Working with a great fabrication hot rod shop in Dickson Tennessee we were able to make a fiberglass mold for the wing in two parts just like the original. However, the original spoilers were manufactured out of a very thin and brittle black plastic. They consist of two pieces with some Styrofoam support and thin metal bracing for the pedestals. Our reproductions are made of multi layers of fiberglass with wood reinforcement on the inside and metal bracing for the pedestals reinforced with fiberglass. The wing is approximately the same weight as the original but much stronger and straighter.

The first stage was to build the mold and then begin with a prototype. This process took much longer than expected. I don’t know how the factory ever did a complete car!

An original pedestal was used as a mold for to cast the new aluminum (same as the originals) pedestals. These were done in California and only a limited number were produced for this project.

These are the first two pedestals prior to drilling and tapping the monting holes. These were our prototype pedestals.

 

One of the biggest problems was finding a way to make the gaskets for the pedestals to mount to the trunk lids. We were able to cast our own that provide a very tight fit to the spoiler pedestals. Most of the OEM spoilers I see mounted on trunk lids today have no gaskets or have ill fitting Mustang gaskets. They work but don’t fit well at all.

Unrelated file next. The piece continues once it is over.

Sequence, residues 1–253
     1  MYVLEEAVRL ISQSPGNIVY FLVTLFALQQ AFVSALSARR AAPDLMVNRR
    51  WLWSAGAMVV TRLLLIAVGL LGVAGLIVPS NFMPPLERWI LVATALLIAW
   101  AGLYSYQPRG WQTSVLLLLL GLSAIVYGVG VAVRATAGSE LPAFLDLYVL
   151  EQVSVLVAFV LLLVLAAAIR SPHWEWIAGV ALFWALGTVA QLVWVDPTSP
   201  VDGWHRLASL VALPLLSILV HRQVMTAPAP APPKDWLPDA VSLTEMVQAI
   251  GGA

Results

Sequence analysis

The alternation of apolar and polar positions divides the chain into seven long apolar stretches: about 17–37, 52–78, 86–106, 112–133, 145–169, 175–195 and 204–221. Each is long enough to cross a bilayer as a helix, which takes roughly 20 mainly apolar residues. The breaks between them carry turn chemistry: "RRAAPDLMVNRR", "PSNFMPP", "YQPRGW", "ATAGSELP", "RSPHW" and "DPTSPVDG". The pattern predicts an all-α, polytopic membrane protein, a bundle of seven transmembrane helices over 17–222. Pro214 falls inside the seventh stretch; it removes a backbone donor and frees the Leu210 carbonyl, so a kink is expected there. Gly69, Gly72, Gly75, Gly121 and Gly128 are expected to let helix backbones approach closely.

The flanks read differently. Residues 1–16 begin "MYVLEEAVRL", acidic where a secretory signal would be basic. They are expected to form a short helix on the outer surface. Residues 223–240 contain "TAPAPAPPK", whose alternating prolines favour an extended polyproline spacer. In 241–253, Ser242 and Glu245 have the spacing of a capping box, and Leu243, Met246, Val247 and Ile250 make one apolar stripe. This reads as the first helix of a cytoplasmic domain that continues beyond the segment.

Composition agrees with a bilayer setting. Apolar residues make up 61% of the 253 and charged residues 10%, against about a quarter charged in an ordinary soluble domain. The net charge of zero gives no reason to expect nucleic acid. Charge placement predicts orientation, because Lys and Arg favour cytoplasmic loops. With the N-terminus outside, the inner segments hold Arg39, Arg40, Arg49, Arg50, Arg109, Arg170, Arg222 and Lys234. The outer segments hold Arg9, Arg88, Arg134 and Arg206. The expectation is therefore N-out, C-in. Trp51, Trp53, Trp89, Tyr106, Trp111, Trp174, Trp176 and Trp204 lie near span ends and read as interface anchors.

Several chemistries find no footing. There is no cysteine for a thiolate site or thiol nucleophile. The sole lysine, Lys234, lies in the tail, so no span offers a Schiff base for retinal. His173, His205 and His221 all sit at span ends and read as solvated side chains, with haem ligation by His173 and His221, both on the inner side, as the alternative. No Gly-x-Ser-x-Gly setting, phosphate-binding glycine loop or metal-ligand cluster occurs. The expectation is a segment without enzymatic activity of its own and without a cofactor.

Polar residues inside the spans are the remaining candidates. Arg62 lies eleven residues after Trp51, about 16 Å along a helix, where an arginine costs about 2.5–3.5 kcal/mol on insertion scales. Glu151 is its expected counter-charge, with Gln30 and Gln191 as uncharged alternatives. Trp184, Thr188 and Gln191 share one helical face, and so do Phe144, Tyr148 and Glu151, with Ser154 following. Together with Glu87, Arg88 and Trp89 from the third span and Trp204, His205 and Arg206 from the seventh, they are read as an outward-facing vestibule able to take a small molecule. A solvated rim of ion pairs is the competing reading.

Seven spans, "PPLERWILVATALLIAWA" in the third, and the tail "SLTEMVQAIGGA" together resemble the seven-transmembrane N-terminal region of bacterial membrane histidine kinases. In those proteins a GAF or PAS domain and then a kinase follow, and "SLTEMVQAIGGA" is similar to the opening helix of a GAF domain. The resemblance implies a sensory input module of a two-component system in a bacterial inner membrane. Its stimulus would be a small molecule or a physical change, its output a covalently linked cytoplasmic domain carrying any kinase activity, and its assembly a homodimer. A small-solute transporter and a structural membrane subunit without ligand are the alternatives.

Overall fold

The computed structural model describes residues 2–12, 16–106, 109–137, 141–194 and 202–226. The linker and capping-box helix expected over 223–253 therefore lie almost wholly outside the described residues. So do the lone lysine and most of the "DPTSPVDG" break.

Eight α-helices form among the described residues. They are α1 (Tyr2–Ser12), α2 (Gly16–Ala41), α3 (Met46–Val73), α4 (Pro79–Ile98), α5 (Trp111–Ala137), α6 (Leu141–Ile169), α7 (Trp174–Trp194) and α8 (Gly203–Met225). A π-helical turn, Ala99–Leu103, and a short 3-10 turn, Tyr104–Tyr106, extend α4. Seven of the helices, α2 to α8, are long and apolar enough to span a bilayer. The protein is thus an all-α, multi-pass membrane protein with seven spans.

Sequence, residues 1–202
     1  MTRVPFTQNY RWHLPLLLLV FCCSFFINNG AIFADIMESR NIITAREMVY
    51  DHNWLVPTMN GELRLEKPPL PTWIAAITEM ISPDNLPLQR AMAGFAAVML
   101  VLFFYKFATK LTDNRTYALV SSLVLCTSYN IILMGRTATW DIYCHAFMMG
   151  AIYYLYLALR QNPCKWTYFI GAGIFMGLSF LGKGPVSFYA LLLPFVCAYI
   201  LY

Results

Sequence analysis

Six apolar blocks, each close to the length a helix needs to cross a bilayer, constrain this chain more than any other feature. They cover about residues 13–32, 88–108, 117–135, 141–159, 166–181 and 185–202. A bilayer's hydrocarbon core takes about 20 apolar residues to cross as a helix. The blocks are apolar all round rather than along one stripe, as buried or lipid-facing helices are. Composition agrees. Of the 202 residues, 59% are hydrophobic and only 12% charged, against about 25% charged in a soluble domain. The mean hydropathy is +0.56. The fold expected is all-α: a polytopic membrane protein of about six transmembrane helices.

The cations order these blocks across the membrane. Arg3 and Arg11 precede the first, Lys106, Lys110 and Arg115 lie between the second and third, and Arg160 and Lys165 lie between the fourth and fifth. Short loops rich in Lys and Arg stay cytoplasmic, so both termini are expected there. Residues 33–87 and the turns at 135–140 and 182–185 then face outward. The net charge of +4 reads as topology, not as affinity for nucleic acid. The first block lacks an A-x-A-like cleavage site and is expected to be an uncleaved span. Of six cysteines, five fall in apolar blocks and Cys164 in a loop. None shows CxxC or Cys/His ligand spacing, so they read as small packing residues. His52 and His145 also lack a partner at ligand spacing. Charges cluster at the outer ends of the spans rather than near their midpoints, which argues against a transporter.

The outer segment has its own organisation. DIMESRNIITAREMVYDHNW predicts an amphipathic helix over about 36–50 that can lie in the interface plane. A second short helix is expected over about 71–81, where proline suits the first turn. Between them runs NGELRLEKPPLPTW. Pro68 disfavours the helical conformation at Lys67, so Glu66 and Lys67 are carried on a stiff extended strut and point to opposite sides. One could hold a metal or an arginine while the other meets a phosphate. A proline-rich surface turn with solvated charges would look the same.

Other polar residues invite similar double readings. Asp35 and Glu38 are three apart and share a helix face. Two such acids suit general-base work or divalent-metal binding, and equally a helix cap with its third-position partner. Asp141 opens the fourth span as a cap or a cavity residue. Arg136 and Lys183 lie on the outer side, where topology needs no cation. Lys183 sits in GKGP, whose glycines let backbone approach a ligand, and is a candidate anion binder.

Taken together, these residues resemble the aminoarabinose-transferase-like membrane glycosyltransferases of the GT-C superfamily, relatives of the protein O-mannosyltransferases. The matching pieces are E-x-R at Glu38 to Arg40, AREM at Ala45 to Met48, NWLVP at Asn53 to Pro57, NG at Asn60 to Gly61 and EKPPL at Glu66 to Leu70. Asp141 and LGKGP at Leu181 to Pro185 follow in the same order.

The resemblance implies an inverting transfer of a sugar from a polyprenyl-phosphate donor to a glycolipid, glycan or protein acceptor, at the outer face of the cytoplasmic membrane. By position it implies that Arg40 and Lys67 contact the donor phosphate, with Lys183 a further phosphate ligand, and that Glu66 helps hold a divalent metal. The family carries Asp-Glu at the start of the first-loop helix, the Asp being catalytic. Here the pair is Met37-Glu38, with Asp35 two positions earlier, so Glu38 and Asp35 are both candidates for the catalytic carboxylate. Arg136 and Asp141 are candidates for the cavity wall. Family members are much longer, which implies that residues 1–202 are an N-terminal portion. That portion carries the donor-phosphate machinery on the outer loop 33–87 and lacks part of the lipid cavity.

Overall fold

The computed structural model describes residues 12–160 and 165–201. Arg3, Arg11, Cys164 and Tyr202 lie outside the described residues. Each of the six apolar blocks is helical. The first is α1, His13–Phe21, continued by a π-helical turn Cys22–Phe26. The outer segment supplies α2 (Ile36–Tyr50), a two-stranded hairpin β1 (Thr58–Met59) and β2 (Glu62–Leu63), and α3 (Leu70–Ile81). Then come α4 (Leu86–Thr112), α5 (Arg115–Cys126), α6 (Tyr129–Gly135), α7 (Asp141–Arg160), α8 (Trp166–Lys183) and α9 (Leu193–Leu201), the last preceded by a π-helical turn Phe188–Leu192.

Here is a graphic prepared by Don Amadio of how the original wings were assembled. We followed the same procedure for the most part but with new and better materials.

This drawing is from Don Amadio who prepared it from his analysis of his broken spoiler. He sent this along with the spoiler for us to build the molds from.

If you set an original down on your work bench next to one of our reproductions I don’t think there is anyone who can tell the difference other than the original one will be warped and wavy while the reproduction will be straight and solid like the originals were (or should have been) when new.